After a pandemic-related hiatus in 2020, a number of U.S. states have proposed new data privacy laws in 2021 – and several are very close to passage. Virginia’s proposed data privacy law appears to be the closest and is likely to be signed into law by Governor Northam in the near future. Washington and Florida’s legislatures also have privacy bills that are making their way through the legislative process, with a good likelihood of becoming law this year. The following is an overview of some of the similarities and differences among the three bills most likely to become law in the near future.
|WAPA||VCDPA||FL Proposed Bill|
Conducts business in WA and: (i) controls or processes the personal data of 100,000 consumers or more; or (ii) derives over 25% of gross revenue from the sale of personal data and processes or controls personal data of 25,000 consumers or more.
*The WAPA would apply to nonprofit corporations starting July 31, 2026.
Conducts business in VA and: (i) controls or processes the personal data of 100,000 consumers or more; or (ii) processes or controls personal data of 25,000 consumers or more and derives over 50% of gross revenue from the sale of personal data.
*Nonprofits are exempt from the provisions under the VCDPA.
Conducts business in FL and: (i) has global annual gross revenues of more than $25 million; (ii) annually buys, receives for business purposes, or shares for commercial purposes the personal data of 50,000 or more consumers, households, or devices; or (iii) derives 50% or more of its global annual revenues from selling or sharing personal data.
* Nonprofits are exempt from the provisions under Florida’s proposed bill.
|Contractual Requirements Imposed Between Data Controllers and Processors?||Yes||Yes||Yes|
|Consumer Rights||Right to access, correct, delete, and opt out of the sale of personal data or certain types of processing of personal data (e.g., targeted advertising, profiling for decisions that have legal consequences).||Right to access, correct, delete, and object to the sale of personal data or certain types of processing of personal data (e.g., targeted advertising).||Right to access, correct, delete, and opt out of the sale or sharing of personal data.|
|Risk Assessments (or similar measures)||Required||Required||Not required|
|Private Cause of Action||No||No||Yes (limited) – private plaintiffs can seek damages of not less than $100 and not more than $750, whichever is greater, if their non-encrypted personal information or email address (together with information that would allow account access) is subject to unauthorized access due to a business’ failure to implement reasonable security measures.|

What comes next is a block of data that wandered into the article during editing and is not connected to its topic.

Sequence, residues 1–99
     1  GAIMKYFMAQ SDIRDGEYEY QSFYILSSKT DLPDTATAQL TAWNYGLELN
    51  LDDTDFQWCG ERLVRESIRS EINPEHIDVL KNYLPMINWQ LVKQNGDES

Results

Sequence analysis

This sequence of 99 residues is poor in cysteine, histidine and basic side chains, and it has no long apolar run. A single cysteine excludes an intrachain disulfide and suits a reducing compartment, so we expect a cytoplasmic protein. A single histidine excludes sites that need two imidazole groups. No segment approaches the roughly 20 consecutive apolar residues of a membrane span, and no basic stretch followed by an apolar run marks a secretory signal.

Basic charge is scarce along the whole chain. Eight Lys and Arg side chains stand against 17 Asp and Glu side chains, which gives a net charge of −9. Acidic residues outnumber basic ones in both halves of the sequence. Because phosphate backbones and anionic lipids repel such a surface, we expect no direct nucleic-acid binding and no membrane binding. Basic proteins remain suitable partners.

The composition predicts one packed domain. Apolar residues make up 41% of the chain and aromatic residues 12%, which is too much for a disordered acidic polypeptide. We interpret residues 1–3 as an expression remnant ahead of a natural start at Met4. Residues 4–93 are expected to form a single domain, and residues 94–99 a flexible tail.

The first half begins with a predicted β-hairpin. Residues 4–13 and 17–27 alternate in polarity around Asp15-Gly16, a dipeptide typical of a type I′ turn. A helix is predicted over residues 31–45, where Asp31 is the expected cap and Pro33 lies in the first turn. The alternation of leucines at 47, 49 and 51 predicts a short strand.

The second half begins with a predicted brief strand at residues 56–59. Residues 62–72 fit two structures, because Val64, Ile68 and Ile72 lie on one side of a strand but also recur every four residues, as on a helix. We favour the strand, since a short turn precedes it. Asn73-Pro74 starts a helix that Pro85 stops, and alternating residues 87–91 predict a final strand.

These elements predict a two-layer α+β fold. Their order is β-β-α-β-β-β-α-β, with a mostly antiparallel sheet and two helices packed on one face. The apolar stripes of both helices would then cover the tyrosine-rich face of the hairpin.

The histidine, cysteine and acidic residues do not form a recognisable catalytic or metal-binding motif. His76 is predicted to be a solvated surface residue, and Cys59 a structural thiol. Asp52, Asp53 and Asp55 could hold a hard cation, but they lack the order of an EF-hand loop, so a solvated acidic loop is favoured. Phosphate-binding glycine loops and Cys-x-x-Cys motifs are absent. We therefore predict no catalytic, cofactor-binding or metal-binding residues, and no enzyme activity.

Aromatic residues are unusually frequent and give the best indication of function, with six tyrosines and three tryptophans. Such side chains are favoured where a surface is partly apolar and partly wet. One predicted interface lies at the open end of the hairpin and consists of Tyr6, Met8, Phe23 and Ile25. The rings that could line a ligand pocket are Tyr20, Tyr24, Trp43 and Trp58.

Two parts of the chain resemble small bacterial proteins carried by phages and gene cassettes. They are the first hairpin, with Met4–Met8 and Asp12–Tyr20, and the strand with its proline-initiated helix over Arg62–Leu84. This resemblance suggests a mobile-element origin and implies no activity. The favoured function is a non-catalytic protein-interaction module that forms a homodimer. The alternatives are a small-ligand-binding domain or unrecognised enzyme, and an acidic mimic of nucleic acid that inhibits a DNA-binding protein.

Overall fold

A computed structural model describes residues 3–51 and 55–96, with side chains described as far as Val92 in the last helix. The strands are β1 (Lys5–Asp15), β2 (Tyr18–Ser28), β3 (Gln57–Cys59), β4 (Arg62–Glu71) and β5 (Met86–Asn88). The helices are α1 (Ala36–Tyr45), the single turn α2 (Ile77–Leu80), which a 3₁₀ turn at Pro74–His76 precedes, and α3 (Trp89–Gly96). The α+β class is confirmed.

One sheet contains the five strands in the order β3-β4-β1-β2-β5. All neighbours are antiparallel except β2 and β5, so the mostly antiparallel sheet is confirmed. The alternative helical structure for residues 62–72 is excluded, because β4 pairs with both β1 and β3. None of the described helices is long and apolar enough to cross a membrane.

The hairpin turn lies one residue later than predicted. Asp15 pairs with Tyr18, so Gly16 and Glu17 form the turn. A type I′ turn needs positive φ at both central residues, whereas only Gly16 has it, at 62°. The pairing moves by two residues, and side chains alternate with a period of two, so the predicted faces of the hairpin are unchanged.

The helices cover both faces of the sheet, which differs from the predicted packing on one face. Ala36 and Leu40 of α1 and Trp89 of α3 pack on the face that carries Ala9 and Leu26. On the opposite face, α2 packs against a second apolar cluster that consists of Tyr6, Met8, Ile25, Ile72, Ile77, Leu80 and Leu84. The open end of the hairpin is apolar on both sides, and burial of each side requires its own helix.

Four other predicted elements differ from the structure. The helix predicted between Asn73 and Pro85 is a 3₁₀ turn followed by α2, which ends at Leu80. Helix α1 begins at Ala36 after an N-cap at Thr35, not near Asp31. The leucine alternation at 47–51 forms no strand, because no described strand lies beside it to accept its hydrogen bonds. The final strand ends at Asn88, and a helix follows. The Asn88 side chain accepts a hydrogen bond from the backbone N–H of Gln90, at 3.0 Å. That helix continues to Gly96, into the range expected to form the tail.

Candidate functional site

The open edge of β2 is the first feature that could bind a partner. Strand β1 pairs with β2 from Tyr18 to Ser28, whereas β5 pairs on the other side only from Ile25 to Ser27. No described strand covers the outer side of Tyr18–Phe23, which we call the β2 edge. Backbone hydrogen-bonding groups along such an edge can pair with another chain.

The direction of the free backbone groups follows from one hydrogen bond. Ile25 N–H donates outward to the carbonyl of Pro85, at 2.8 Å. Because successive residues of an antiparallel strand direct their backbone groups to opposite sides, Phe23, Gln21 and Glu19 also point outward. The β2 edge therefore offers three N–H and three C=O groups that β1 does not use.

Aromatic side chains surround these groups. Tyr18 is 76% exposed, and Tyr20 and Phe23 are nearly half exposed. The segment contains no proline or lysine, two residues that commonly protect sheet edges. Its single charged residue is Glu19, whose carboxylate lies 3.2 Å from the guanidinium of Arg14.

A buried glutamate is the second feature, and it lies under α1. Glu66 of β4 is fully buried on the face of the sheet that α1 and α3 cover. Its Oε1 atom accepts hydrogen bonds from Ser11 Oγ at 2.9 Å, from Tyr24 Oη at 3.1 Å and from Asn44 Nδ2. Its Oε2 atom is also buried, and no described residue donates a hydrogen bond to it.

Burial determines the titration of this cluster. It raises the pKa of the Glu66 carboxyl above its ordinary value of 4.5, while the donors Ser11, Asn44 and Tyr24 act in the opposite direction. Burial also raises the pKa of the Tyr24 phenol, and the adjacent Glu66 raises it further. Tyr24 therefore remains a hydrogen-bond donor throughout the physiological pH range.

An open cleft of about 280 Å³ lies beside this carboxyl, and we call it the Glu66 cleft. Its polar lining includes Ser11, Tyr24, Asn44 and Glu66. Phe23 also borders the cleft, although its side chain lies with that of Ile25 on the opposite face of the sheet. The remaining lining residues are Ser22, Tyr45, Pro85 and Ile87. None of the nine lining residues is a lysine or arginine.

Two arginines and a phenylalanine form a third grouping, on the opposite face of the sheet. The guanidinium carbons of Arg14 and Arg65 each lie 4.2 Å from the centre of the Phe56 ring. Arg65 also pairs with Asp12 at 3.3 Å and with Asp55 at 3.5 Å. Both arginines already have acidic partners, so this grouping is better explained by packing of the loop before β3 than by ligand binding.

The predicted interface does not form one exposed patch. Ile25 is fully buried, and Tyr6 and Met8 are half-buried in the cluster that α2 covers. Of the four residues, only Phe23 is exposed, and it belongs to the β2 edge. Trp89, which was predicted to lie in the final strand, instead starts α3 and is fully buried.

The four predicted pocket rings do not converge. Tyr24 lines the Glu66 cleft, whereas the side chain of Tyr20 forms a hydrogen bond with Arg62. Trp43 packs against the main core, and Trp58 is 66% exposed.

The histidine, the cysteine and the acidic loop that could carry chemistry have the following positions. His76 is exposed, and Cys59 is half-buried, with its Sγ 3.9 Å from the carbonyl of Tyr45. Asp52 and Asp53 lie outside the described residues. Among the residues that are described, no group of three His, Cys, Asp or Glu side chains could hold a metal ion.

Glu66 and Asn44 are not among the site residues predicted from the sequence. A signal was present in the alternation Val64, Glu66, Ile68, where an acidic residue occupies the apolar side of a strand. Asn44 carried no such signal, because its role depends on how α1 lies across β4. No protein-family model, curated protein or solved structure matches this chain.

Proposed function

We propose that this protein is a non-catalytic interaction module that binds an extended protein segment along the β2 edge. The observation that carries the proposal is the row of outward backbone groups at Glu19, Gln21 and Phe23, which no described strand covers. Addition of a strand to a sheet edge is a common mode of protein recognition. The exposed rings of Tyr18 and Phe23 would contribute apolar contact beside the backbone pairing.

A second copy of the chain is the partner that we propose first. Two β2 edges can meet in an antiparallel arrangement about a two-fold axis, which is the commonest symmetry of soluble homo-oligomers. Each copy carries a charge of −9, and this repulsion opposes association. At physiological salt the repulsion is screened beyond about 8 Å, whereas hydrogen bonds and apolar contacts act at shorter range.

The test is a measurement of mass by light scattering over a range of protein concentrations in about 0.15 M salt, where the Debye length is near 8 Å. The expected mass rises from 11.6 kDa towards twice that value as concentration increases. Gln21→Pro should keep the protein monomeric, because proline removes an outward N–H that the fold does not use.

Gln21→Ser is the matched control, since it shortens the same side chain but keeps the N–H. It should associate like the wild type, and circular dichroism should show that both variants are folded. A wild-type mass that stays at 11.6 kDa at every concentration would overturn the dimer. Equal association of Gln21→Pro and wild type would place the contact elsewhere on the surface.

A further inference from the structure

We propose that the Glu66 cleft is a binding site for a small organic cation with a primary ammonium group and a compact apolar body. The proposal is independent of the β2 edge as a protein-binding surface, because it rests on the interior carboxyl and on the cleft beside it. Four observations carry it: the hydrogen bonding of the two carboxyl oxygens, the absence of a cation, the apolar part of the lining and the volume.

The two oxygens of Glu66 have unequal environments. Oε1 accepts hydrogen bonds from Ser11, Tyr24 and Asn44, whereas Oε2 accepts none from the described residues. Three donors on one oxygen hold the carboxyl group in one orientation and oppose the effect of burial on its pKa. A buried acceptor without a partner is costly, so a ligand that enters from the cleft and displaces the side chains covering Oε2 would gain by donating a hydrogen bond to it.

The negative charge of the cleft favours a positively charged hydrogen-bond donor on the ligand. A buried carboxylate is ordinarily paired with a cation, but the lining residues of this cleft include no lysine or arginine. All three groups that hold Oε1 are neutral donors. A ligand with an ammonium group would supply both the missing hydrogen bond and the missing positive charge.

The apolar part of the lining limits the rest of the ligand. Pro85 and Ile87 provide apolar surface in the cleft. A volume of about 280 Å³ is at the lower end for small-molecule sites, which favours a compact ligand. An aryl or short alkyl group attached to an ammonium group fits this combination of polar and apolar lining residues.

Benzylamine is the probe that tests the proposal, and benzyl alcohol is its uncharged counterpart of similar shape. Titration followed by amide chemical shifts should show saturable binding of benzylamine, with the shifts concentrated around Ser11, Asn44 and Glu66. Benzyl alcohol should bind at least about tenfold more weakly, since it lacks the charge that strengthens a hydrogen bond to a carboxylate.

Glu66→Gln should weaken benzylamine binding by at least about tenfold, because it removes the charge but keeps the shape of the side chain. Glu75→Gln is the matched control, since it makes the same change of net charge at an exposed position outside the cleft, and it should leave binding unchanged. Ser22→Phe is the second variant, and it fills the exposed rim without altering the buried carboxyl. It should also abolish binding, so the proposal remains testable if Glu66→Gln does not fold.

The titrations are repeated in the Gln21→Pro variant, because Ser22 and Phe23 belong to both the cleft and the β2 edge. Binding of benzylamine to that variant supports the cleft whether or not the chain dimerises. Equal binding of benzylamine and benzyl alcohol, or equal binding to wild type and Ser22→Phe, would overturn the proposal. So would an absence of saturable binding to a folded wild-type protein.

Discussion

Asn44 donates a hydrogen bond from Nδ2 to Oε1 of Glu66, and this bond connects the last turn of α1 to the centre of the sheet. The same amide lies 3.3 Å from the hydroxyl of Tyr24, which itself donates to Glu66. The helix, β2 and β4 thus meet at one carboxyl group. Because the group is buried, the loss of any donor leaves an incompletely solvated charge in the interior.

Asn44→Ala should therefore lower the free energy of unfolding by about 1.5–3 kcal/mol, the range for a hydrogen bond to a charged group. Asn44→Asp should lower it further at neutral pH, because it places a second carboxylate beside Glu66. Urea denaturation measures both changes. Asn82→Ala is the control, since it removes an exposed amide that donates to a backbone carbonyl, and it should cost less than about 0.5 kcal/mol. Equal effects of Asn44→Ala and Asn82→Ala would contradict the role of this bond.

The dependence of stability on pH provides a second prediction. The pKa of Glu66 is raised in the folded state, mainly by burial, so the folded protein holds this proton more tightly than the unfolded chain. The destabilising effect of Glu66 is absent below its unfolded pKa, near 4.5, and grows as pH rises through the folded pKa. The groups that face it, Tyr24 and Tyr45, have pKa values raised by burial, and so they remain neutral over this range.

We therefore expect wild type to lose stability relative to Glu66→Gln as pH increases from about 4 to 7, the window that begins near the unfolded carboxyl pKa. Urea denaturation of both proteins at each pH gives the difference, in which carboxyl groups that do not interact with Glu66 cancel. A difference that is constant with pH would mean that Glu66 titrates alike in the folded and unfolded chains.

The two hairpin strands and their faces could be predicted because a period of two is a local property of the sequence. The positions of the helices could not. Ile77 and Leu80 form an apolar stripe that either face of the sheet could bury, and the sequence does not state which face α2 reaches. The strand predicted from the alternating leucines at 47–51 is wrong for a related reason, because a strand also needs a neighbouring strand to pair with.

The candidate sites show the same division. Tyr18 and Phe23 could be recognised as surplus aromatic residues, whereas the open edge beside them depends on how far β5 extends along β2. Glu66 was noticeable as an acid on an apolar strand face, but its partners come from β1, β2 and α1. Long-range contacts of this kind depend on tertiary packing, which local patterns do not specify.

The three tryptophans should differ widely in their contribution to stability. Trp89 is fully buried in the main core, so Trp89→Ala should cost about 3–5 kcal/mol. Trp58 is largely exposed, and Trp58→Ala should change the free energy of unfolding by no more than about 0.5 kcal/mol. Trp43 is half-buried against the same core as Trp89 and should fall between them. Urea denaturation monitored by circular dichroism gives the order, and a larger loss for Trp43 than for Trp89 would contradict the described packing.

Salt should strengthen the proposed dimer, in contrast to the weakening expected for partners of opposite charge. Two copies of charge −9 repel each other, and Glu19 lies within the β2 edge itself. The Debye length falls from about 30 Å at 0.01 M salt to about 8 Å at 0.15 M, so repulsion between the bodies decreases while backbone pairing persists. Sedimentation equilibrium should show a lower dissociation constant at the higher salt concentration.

|Consent||Generally not required except for the processing of sensitive data.||Required where a consumer has restricted processing or a risk assessment indicates the risks of processing outweigh the benefits to the consumer.||Required before a business may enter a consumer in a financial incentive program.|
|Opt-Out||Required for targeted advertising, sale of personal information, or profiling decisions that have legal effects.||Required for targeted advertising, sale of personal information, or profiling.||Required for the sale or sharing of personal information.|
|Exceptions||Does not apply to personal data regulated under HIPPA, the FCRA, the GLBA, the DPPA, the FERPA, the Federal Farm Credit Act, clinical trial data collected pursuant to the Common Rule (45 C.F.R. 46), and employment-related data.||Does not apply to protected health information under HIPAA, personal data regulated under the GLBA, employment-related data, certain types of data regulated under the FCRA, personal data under the DPPA, and clinical trial data collected pursuant to the Common Rule (45 C.F.R. 46).||Does not apply to personal data regulated under HIPPA, the FCRA, the GLBA, the DPPA, the FERPA, clinical trial data collected pursuant to the Common Rule (45 C.F.R. 46), and employment-related data.|
|Cure Period?||Yes – 30 days after receipt of a warning letter from the Attorney General.||Yes – 30 days after receipt of notice of alleged noncompliance.||Yes – 30 days after being notified in writing of alleged noncompliance.|
|Damages/Penalties||Up to $7,500 per violation.||Up to $7,500 per violation.||
Not less than $100 and not more than $750 per consumer per incident or actual damages, whichever is greater.
Attorney General can seek up to $2,500 for each unintentional violation or $7,500 for each intentional violation.
As noted in the table above, the WAPA, VCDPA, and Florida’s proposed bill contain similarities with one another, such as imposing contractual requirements between data controllers and processors, providing various consumer privacy rights such as the right to access, correct, delete, and opt out of/object to the sale or certain types of processing of personal data, and requiring transparent privacy notices concerning the collection and sharing of personal data. Further, the WAPA, VCDPA, and Florida’s proposed bill do not impose a fiduciary duty on data controllers, unlike the proposed New York Privacy Act, which is currently pending in the New York state legislature. One notable difference between the WAPA and the VCDPA and Florida’s proposed bill, however, is that the WAPA and the VCDPA do not include a private right of action whereas Florida’s proposed bill allows consumers to bring a private cause of action for actual or statutory damages.
The VCDPA has passed in both the state House and Senate and its enactment appears imminent. If enacted, the VCDPA would become effective on January 1, 2023. The WAPA and Florida’s proposed bill are currently pending review by their respective legislatures, but momentum appears strong for passage in 2021.